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Showing 11-20 of 118 reviews(Verified Purchases). See all 136 reviews
on April 9, 2012
Loses one star due to inability to provide sufficient power for iPad charging (anything requiring more than 0.5A).

Otherwise this is a superior product at a great price:

Pros:
- VERY easy to use. the Guide 10 battery charger/power kit is extremely useful and the included batteries are excellent low-discharge 2300mah type.
- I was able to charge three sets of low discharge AA batteries in an afternoon.
- Panels will directly charge my iPhone and the AA batteries at the same time.
- I Norther California I had zero issues with overheating. Instructions tell you how to avoid this as well.
- instructions are very simple and easy to understand.
- Comes with 12V adapter, mini USB adapter (fits most GPS units), and battery charger cable.
- Folds up into a nice package for simple transport.

Cons:
- Had to purchase Guide10 Plus separately in order to charge slightly higher demand devices. (iPad or devices requiring more than 0.5A).

Overall I am extremely pleased. This will enable us to have charged phones in any instance (as long as there's light) as well as GPS charging. VERY useful solar station at a reasonable price.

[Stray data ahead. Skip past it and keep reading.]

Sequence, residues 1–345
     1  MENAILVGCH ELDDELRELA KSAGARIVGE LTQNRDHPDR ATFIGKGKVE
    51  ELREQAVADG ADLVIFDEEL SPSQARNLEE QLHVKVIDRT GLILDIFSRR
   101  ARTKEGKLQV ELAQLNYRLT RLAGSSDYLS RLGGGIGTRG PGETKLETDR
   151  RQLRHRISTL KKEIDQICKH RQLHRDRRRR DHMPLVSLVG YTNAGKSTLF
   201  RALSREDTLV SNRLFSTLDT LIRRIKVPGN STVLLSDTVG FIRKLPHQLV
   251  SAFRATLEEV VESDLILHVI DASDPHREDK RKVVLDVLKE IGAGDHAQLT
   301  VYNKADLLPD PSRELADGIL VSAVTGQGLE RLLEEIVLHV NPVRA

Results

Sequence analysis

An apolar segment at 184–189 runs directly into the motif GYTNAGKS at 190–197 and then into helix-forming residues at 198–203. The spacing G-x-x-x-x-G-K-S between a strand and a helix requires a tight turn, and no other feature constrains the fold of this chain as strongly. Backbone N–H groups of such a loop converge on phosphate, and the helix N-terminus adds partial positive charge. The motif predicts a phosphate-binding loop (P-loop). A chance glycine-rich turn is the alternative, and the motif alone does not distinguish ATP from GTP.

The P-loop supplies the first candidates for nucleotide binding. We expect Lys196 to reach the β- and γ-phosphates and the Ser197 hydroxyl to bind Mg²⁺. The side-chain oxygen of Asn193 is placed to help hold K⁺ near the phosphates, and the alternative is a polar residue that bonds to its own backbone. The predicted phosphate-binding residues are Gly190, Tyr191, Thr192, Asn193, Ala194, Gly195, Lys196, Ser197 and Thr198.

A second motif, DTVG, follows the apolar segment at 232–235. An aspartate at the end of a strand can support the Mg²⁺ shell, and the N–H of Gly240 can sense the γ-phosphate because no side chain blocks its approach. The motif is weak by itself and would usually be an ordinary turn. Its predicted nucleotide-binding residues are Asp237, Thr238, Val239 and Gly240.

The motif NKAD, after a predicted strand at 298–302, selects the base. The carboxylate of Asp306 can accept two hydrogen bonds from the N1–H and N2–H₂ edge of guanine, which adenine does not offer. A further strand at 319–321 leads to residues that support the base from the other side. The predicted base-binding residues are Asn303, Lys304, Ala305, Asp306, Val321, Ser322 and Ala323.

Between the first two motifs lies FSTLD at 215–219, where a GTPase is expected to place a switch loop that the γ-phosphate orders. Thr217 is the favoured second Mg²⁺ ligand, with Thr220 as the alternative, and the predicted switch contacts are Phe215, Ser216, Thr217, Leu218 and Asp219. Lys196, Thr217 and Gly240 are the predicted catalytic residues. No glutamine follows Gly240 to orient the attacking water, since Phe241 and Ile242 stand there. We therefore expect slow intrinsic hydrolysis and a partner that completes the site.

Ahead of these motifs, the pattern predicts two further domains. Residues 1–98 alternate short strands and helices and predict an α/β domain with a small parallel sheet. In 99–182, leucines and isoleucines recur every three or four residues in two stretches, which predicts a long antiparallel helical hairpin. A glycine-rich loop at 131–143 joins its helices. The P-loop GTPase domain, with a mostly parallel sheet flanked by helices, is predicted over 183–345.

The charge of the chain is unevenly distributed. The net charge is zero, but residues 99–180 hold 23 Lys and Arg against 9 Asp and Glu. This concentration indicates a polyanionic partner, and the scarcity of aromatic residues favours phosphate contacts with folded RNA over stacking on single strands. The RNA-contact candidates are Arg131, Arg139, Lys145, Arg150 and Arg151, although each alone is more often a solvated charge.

Hope that helps.
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on October 25, 2011
Great for on the go charging. This stuff is tough

The solar panel doesn't disappoint either even when overcast my phone gets a slow charge which is great. I does take a bit longer then charging versus the guide 10 when the panel is in direct sun however. Oh it does scratch easy but I haven't noticed any effect on charges with the few minor ones on mine. The panel can get take a light shower of rain but I still keep the connectors area covered with ziploc bag just to make sure

The guide 10 is amazing, I thought that it being plastic would make it easy to break or damage, I was surprise this thing has traveled with me everywhere and get knocked and dropped only thing happened is a few scratches. It does charge other nickel metal hudride (niMH) batteries too but I found that the ones that it came with work the best for holding a lasting charge.